"This NYT report on the cover-up of U.S. war crimes in Syria should make your blood boil," says codepink's medeabenjamin. "The U.S. wantonly kills civilians, covers it up, and then tells other countries how 'democracy' works. Infuriating."
I don't know if I'm more mad at media for covering it up or for Biden who ordered it and pretends it never happened.
Do not expect Pentagon or any highrankinng US officials make an apology for this or ever be hel accountable.
'Infuriating' Report Reveals 'Breathtaking Cover-Up' of US Airstrike That Killed Syrian Civilians
"This NYT report on the cover-up of U.S. war crimes in Syria should make your blood boil. The U.S. wantonly kills civilians, covers it up, and then tells other countries how 'democracy' works."
Advocacy groups, human rights defenders, fellow reporters, and other readers of The New York Times were outraged Saturday after journalists Dave Philipps and Eric Schmitt published their investigation into a deadly 2019 U.S. airstrike in Syria and all that followed.
"This NYT report on the cover-up of U.S. war crimes in Syria should make your blood boil," Medea Benjamin, co-founder of the anti-war group CodePink, tweeted Sunday. "The U.S. wantonly kills civilians, covers it up, and then tells other countries how 'democracy' works. Infuriating."
Evan Hill, a journalist on the Times' visual investigations team, said that "this is a long, complicated story, but it's one that touches on nearly every problem with the global U.S. air war. At every attempt, the military tried to cover it up."
As the #Gaza war raged and tensions surged across the Middle East last May, Instagram briefly banned the hashtag #AlAqsa, a reference to the Al-Aqsa Mosque in #Jerusalem’s Old City, a flash point in the conflict.
Facebook, which owns I#nstagram, later apologized, explaining its algorithms had mistaken the third-holiest site in Islam for the militant group Al-Aqsa Martyrs Brigade, an armed offshoot of the secular #Fatah party.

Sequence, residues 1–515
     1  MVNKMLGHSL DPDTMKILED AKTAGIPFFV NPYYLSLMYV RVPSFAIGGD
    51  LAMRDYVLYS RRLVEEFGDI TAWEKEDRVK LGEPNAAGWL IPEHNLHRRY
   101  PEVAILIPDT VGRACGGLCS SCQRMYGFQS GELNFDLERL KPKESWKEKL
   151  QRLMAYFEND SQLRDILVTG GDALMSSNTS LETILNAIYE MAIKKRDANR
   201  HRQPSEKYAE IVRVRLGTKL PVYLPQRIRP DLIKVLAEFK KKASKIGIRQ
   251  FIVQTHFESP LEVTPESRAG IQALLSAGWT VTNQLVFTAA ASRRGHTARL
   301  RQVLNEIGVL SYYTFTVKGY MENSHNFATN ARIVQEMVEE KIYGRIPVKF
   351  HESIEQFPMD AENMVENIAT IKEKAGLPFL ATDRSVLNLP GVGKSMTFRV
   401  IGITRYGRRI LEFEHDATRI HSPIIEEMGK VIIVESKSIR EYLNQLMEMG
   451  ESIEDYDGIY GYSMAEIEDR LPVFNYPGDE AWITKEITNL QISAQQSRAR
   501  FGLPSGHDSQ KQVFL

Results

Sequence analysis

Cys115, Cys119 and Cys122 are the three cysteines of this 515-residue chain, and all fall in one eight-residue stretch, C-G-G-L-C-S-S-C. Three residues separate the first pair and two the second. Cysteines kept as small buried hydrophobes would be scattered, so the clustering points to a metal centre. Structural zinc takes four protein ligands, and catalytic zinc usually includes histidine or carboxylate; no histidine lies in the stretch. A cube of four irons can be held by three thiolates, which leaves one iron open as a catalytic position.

For many #Arabic-speaking users, it was just the latest potent example of how the social media giant muzzles political speech in the region. Arabic is among the most common languages on Facebook’s platforms, and the company issues frequent public apologies after similar botched content removals.
Now, internal company documents from the former Facebook product manager-turned-whistleblower Frances Haugen show the problems are far more systemic than just a few innocent mistakes, and that Facebook has understood the depth of these failings for years while doing little about it.
DUBAI, United Arab Emirates (AP) — As the Gaza war raged and tensions surged across the Middle East last May, Instagram briefly banned the hashtag #AlAqsa, a reference to the Al-Aqsa Mosque in Jerusalem’s Old City, a flash point in the conflict.
Getting trashed by bots and anti russians on Reddit for posting this on a post about Russia spending millions on propaganda!
It seems like Americans not only have short memory, they also have a very sensitive trigger point, specially the Biden supporters who blame all the shit in the country on Russia or the Trump supporters blaming it on China!
But got forbid you mention their 70 years of disgusting foreign intervention and millions of dead people from Iran in 1953 to Bolivia a few years ago all across the globe.
I guess those evil Russians posting some fake stories on the American social Media sites is far worse than murderign Patrice Lumumba or killing Pinochet or training and supporting Osama Bin Laden and the drunk lunatic Yeltsin.
"Never Again" empty slogans of the #european leaders does not cover the #misery, #hunger and death of millions of Yemenites who are living under the worst conditions imaginable with the blessing of the US/UK/UN and direct criminal daily attacks by #SaudiArabia and #UAE.
A senior U.N. official warns that conditions for millions of Yemenis are horrendous and getting worse as prospects for a political solution remain elusive as the country enters its seventh year of conflict.
The United Nations has described Yemen as the world’s largest humanitarian crisis. The U.N. reports 20 million people or two-thirds of the population need humanitarian aid to survive, five million people are on the verge of famine and nearly 400,000 children are at imminent risk of death.
David Gressly is U.N. resident and humanitarian coordinator in Yemen. Behind these numbers, he says are people struggling every day to find food to eat, clean water to drink and medicine to cure diseases.